It's not what you say (24 April 2015)

Much of my coaching these days is done via skype; I prefer face-to-face discussion, myself, but it just isn’t always possible. It means I can link up with clients in distant places – I have recently been coaching someone in Zimbabwe, and have worked with clients in Dubai, India and Malawi. While in Kenya recently, I had to connect with someone in Rwanda – and the quality of connection was much better than some I have struggled with from east to west London.

Skype can be sound only, or with video. I have noticed, as a coach, that the video is far more revealing – even if it does strain the bandwidth! In a recent skype video call, not to Africa or Asia but to a somewhat less exotic location north of London, I became very aware of the client’s body language. It was indicative of irritation, confusion, frustration – or so it seemed to me. She was constantly shifting, looking to the left and right, sweeping back her hair – showing agitation. She had totally forgotten the video was on.

She was describing fairly calmly a situation she faced at work, where others were impeding her, even though she felt she had been assigned the decision-making role. But her body language showed the depth of her feelings. We dealt with the practicialities of her situation; but we are having a follow-up session to explore why she feels so deeply about this and other perceived underminings in previous roles. In the best coaching tradition, she suggested the second session; my open questions, based on my perception that she was really hurting, led her to that option, which will enable us to go a little deeper into what issues she has, and how she can best manage them. All this might have been missed with a telephone session or audio-only skype.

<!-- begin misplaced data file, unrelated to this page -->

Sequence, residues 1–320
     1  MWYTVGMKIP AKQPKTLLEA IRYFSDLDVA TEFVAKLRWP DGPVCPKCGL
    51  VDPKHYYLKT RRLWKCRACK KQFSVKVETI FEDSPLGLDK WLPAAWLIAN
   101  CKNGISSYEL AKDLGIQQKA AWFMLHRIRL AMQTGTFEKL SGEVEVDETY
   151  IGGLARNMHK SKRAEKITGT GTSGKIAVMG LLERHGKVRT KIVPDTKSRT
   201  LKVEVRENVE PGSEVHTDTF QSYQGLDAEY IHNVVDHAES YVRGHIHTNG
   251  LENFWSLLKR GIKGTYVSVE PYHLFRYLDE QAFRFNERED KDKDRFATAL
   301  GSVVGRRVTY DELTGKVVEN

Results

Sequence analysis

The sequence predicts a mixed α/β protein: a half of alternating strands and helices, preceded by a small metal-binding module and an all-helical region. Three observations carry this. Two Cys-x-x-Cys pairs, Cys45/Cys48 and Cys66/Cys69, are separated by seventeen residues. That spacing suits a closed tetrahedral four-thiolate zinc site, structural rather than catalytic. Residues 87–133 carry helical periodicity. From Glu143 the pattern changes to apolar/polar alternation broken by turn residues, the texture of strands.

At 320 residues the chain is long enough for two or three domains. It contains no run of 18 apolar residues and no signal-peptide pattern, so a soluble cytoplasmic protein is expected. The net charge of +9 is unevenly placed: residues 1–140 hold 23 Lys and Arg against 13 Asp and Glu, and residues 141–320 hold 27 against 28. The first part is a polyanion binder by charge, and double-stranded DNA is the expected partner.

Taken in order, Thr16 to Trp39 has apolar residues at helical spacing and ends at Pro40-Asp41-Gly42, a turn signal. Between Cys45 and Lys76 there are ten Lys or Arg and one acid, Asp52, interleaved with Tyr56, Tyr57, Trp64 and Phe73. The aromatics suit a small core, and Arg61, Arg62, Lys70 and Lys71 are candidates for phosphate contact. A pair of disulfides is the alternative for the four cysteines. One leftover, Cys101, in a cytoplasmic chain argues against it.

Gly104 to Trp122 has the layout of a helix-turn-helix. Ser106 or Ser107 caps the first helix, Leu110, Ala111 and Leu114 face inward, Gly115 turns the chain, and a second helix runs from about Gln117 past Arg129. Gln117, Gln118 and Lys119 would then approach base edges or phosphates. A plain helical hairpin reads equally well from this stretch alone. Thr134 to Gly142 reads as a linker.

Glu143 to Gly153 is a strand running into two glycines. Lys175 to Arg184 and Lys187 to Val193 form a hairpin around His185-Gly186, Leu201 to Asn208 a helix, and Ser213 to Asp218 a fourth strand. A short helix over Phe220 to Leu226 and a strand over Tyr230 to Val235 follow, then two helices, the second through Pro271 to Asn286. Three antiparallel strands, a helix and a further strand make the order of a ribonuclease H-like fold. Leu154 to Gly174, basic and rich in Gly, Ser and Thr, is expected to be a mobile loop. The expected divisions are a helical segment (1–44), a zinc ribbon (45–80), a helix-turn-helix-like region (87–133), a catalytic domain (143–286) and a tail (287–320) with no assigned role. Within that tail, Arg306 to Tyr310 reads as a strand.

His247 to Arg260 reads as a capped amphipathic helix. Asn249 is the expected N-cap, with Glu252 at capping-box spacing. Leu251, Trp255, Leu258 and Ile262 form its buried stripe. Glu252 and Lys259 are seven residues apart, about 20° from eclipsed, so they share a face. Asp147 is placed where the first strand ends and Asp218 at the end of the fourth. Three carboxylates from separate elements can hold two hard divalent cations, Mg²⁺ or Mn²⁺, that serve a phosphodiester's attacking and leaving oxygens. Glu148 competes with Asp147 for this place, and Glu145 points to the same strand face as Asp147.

So what is our body language telling others about what we feel? Perhaps more than we wish. Research suggests 60% of our communication comes from our actions, not what we say; we say more with a glance and gesture than a hundred words. Noticing the signals that people send out with their body language is a very useful social skill for everyone, but especially for coaches. Try testing the ideas below about body language: and, remember, you may be saying through your body language all sorts of things that you don’t want to communicate – or do you?!

All the best

Graham

Examples of Body Language
1. Physical closeness: the closer someone is to you, the warmer they are thinking of you. If you move slightly closer to them, do they move slightly further away?
 

2. Head position: overly tilted heads are either a potential sign of sympathy, or if a person smiles while tilting their head, they like you: lowered heads indicate a reason to hide something
 

3. Eye Contact: looking to the sides a lot can mean someone is nervous, lying, or distracted. But some cultures believe that looking at someone in the eyes is a sign of disrespect, or is only done with intimate friends or family
 

4. Mirroring: if someone mirrors, or mimics your appearance, this is a very genuine sign that they are interested in you and trying to establish rapport with you
 

5. Arms: people with crossed arms are closing themselves to social influence, maybe reserved or uncomfortable
 

6. Nervous Gestures: for example, if someone brushes their hair back with their fingers, this may be preening, a common gesture if the person likes you, or their thoughts about something conflict with yours. They might not voice this
 

7. Feet: fast tapping, shifting of weight, laughing, or movement of the foot will most often mean that the person is impatient, excited, nervous, scared, or intimidated

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